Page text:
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‘My dad didn’t want me to go into music’

Abdullahi Isma’il, popularly known as B’meri Aboki, has in recent times been gaining grounds in the Nigerian entertainment industry. The Kano-born 24-year-old Lagos-based artiste speaks…

Abdullahi Isma’il, popularly known as B’meri Aboki, has in recent times been gaining grounds in the Nigerian entertainment industry. The Kano-born 24-year-old Lagos-based artiste speaks on his career, rising above the challenges of the industry, and more.


Weekend Magazine: How did you get into music?

Abdullahi Isma’il: Music had been my passion since childhood but I did not get to explore my talent in it, until much later in life. I started by miming artists like Tupac, 50Cent and a lot of rap artists during our own local shows. Gradually, my talent as a singer got the better part of me and I started writing. I also started singing my own songs and people really appreciated what I created. In a short time, I got a lot of fans and my name became known.

I decided to create my own kind of music with a blend of Hausa, Yoruba and broken English. I am into what is presently termed as Afro-Rap.

WM: Why not songs in Yoruba since you are in Lagos?

Isma’il: Yes I am in Lagos, but do you think I will do better with the language when compared with the original owners of the language? I don’t think so. Moreover, I know where I come from and as far as I am concerned, the lyrics and the rhythms in what matters in music. We have seen songs in some foreign languages getting wide popularity in this country. For instance songs of Awilo. That is why I adopted blending different languages to make my music sound more Nigerian and more meaningful.

WM: Do you face any challenges being a musician?

Isma’il: When it was apparent that my interest was in music, my father wasn’t so keen about it. He didn’t want me to do it and I had to put my passion for music aside for a while. However, after his death, my inner passion for music resurfaced and my mother seeing that I wasn’t into drugs and other vices gave her support. She really supported me and here I am today. I have travelled a lot outside and within the shores of Nigeria. I have an album with sixteen tracks and I have videos of many of my singles making wave in Nigeria and outside Nigeria as well.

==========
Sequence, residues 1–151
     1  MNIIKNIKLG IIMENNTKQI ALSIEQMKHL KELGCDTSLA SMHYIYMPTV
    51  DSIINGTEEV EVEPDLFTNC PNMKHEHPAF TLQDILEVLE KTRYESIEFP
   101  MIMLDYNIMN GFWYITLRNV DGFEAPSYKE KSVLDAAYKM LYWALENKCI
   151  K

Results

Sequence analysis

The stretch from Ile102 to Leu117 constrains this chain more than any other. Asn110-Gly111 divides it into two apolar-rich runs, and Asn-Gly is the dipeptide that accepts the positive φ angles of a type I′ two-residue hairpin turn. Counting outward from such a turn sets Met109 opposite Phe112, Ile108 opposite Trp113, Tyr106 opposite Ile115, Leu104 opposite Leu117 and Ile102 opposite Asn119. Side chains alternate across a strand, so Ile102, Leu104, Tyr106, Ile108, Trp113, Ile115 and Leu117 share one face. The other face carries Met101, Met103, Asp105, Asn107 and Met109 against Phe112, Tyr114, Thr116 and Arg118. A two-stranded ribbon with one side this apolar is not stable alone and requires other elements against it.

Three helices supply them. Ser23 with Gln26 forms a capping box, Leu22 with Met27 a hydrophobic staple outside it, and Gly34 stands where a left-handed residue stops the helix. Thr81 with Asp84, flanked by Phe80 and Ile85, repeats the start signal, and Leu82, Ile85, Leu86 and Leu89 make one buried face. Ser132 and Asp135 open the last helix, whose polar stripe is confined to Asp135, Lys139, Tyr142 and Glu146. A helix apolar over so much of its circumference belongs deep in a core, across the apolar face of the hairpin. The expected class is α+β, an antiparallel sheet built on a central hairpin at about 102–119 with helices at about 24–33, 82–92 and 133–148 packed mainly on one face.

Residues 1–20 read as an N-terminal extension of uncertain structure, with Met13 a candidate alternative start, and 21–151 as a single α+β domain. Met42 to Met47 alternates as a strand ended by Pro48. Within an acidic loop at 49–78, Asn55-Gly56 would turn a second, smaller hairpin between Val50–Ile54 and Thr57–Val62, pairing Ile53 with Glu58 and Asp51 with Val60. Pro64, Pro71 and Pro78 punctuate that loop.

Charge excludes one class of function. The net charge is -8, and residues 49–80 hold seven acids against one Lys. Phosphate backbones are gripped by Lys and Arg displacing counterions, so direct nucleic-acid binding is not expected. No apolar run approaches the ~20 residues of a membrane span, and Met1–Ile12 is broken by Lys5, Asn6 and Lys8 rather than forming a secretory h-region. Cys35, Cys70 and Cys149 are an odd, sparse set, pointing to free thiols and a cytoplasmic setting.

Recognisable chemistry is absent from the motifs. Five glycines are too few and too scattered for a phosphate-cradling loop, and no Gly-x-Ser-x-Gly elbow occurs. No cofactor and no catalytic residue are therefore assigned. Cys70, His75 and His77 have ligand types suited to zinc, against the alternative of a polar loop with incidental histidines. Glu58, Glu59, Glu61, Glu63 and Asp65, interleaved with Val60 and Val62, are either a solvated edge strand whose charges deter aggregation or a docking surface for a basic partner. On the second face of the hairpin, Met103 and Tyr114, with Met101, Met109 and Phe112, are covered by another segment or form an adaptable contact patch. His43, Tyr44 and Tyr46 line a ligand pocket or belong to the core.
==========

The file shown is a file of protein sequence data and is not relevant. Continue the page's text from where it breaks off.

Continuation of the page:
WM: Were your signed under any record label?

Isma’il: Initially, I was with ATM Yale records and I also worked with Idris Abdulkareem for about two years. To God be the glory, I now have my own record label based in Lagos where I do my recordings and also promote some artistes.

WM: How would you rate the entertainment industry in the North?

Isma’il: The entertainment industry in the north is indeed doing very well. Many of us had to travel up to the north to get recognised first before coming back here to continue. The good thing to note here is that artistes in the north are always ready to assist. I don’t believe that, if one wants to make it in the entertainment industry he or she has to come to Lagos. This just an illusionary belief because when I started in Lagos I had to go back to Kano to get recognised before coming back to Lagos to continue with my pursuit. Though, it lacks sponsors, the entertainment industry in the north is really doing well and I believe it will surely get to where it is supposed to be in the nearest future.

WM: Do you have any regret being in the entertainment industry?

Isma’il: No, I don’t. The entertainment industry has been very rewarding to me and to a lot of others. Be it as it may, the industry has been a major employment provider in the country and it is apparent that it takes off the street, a lot of youths, giving them a means of livelihood.

WM: What’s one of your most memorable moments as a musician?

Isma’il: The most memorable moment in my life was when I performed before President Muhammadu Buhari in Lagos. This is something I will cherish for the rest of my life. It was indeed a thing of pride to me to have the opportunity of performing when there are many artistes whom I believe have an edge over me. But I was opportune to be among those who performed before Mr. President.

WM: What is your advice for Nigerian youths?

Isma’il: Youths should learn to be tolerant and avoid drugs. They shouldn’t be in a hurry. Life is a gradual process and if you wait, your time will surely come. They should also strive to work hard and shouldn’t expect things to come so easy to them. I believe hard work has a way of paying back handsomely.

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